Just as most misspellings of proper names (discussed last week) are due to variations from the "regular" spellings, other frequently misspelled words achieve that status by violating convention. Remember the grade-school spelling rule "i before e except after c or when sounded like a as in neighbor and weigh"? But... how do you spell "height"?

You form plurals by adding s; but then how do you explain "mouse" and "mice"? Or "woman" and "women"? Or "goose" and "geese"--and for that matter, why is the plural of "mongoose" still “mongooses”?

And what about words that are spelled one way and pronounced another--and letter combinations for which there seem to be no conventional pronunciations? Why does "knife" have a k in it? Why doesn't "dough" rhyme with "rough," nor "key" with "obey," nor "plow" with "tow"?

Be grateful if you learned English in toddlerhood. The more-or-less-official tongue of international business is perhaps the hardest language in the world for adults to master. Blame a centuries-long habit of freely adopting words from other languages, no doubt aided and abetted by the British Empire period.

Nonetheless, and like it or not, people still see sloppy spelling as a sign of ignorance or carelessness or both. Blind faith in your spell checker is not an advisable solution: few computers can tell the difference between "twenty-four resources" and "twenty for Resources." At times, we all have to revert to the ancient "look it up" method.

However, no dictionary can help if you're so uncertain of a spelling that you can’t find it in the alphabetical list or keyword search, or if you're like the college student who lamented, "My professors say I have to learn to look up words when I'm in doubt--but I'm never in doubt!" The only thing resembling preventive medicine is to review likely-to-be-misspelled words until the correct spelling is burned into your memory. Do you have "misspelled" straight? Good; now here are ten more words to memorize before drafting your next business proposal:
1. Accidentally
2. Calendar
3. Consensus
4. Guarantee
5. Indispensable
6. License
7. Occurrence
8. Personnel
9. Relevant
10. Stationery (as in "writing paper," not to be confused with stationary, which means "motionless")

When you have all those right, visit the "Most Often Misspelled Words" page at for a top-100 list and some useful memory aids....

...the word for which is spelled M-N-E-M-O-N-I-C-S and pronounced “knee-MAWN-iks.”

Friday, March 5, 2010

The Perils of Misspelled Names

Having talked in my last post about the value of proofreading, I should note one thing that is often “corrected” where no correction is needed—the unusually spelled personal name. I should know. My last name is S-W-A-R-T-S with an s at each end, and if I had a dollar for everyone who’s written it as S-C-H-W-A-R-T-Z or S-W-A-R-T-Z or even S-C-H-W-A-R-Z, I could retire right now.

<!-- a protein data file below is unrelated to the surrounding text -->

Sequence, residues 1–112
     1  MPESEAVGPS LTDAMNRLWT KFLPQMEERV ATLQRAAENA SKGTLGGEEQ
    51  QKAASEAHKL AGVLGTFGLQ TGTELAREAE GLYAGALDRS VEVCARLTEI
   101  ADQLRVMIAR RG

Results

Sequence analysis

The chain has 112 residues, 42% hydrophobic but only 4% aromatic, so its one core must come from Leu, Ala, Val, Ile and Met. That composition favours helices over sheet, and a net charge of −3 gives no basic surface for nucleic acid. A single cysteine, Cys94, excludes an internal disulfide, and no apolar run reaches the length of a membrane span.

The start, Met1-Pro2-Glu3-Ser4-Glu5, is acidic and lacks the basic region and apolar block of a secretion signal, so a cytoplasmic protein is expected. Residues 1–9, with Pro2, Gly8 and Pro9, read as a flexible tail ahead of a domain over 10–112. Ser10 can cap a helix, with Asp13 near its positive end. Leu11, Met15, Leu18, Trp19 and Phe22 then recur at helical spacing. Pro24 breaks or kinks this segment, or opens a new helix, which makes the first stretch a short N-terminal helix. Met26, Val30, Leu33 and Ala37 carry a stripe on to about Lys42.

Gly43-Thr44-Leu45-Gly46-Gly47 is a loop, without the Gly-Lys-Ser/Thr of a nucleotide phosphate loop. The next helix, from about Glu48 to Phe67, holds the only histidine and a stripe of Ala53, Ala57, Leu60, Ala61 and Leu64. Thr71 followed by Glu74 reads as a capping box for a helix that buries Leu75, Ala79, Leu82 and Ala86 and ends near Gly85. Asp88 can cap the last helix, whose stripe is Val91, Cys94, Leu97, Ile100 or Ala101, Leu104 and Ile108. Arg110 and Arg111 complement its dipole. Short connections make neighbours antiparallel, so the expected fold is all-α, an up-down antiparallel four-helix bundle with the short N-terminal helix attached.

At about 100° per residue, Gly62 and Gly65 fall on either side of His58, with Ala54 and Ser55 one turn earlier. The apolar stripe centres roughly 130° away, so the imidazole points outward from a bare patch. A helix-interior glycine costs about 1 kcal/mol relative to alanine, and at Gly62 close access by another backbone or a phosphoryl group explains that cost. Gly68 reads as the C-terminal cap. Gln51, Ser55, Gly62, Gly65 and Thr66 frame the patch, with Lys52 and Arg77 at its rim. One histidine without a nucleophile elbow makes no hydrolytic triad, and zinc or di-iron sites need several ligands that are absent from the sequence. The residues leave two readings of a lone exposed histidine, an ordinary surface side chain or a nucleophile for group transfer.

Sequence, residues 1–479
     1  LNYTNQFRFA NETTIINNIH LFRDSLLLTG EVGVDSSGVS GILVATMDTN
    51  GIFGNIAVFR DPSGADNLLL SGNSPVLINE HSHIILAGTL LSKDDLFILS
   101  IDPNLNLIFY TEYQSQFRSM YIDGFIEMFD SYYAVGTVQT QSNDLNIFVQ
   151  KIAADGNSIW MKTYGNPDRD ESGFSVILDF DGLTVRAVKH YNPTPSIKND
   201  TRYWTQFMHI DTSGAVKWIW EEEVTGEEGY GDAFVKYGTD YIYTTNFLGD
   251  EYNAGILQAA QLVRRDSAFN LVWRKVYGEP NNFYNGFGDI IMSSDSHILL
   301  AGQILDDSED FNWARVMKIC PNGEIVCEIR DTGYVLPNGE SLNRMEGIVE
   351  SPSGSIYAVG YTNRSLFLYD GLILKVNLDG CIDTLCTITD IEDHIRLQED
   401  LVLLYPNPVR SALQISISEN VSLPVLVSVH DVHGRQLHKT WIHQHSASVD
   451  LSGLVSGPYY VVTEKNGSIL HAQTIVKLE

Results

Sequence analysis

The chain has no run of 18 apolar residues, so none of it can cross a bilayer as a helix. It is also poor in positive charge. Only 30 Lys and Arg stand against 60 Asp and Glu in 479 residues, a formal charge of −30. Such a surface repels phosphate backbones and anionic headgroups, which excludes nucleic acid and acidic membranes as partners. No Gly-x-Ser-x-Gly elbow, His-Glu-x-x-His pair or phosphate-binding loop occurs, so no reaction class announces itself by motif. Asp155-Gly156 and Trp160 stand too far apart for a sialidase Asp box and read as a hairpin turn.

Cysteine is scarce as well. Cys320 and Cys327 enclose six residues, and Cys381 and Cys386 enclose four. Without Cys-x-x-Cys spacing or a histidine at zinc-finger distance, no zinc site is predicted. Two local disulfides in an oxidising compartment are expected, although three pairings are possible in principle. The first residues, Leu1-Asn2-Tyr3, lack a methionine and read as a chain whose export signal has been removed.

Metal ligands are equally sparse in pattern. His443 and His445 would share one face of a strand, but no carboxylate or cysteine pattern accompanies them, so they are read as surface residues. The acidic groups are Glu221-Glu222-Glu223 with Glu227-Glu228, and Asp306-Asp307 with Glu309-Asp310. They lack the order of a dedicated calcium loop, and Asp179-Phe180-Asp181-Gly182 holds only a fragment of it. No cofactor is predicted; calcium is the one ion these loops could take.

Hundreds of others have reason to curse the surname legacy of their paternal ancestors—or to wonder what their immediate ancestors were thinking on choosing a first name. Long, impossible-to-spell names are bad enough. Names that sound like bad jokes (as every Houstonian knows, Ima Hogg was a real person) quickly get old to live with. Names with obvious alternate spellings (“Is that K-A-T-H-E-R-I-N-E or C-A-T-H-E-R-I-N-E?”) can be a nuisance. But a name for which everyone thinks the spelling is obvious means a lifetime of policing everyone who writes it down—and still seeing it come out wrong half the time. It’s especially bad if the discrepancy comes near the end of the name; people usually stop listening to me spell out S-W-A-R-T-S after I pass the w.

Many people regard misspellings of their names not merely as annoying but as personally insulting—especially when those misspellings are attached to message responses, and the original communications were signed with the right spellings. Get an e-mail signed “Smyth” and reply to “Dear Mr. Smith,” and you effectively tell him you didn’t consider his message worth reading carefully. Even where it concerned a key element of his identity.

Get a name right, by contrast, and you make a favorable impression. Get a difficult name right, and you make an especially favorable impression (“What a relief to meet someone who doesn’t misspell my name!”). Dale Carnegie knew this well; his classic How to Win Friends and Influence People devotes a whole chapter to remembering names.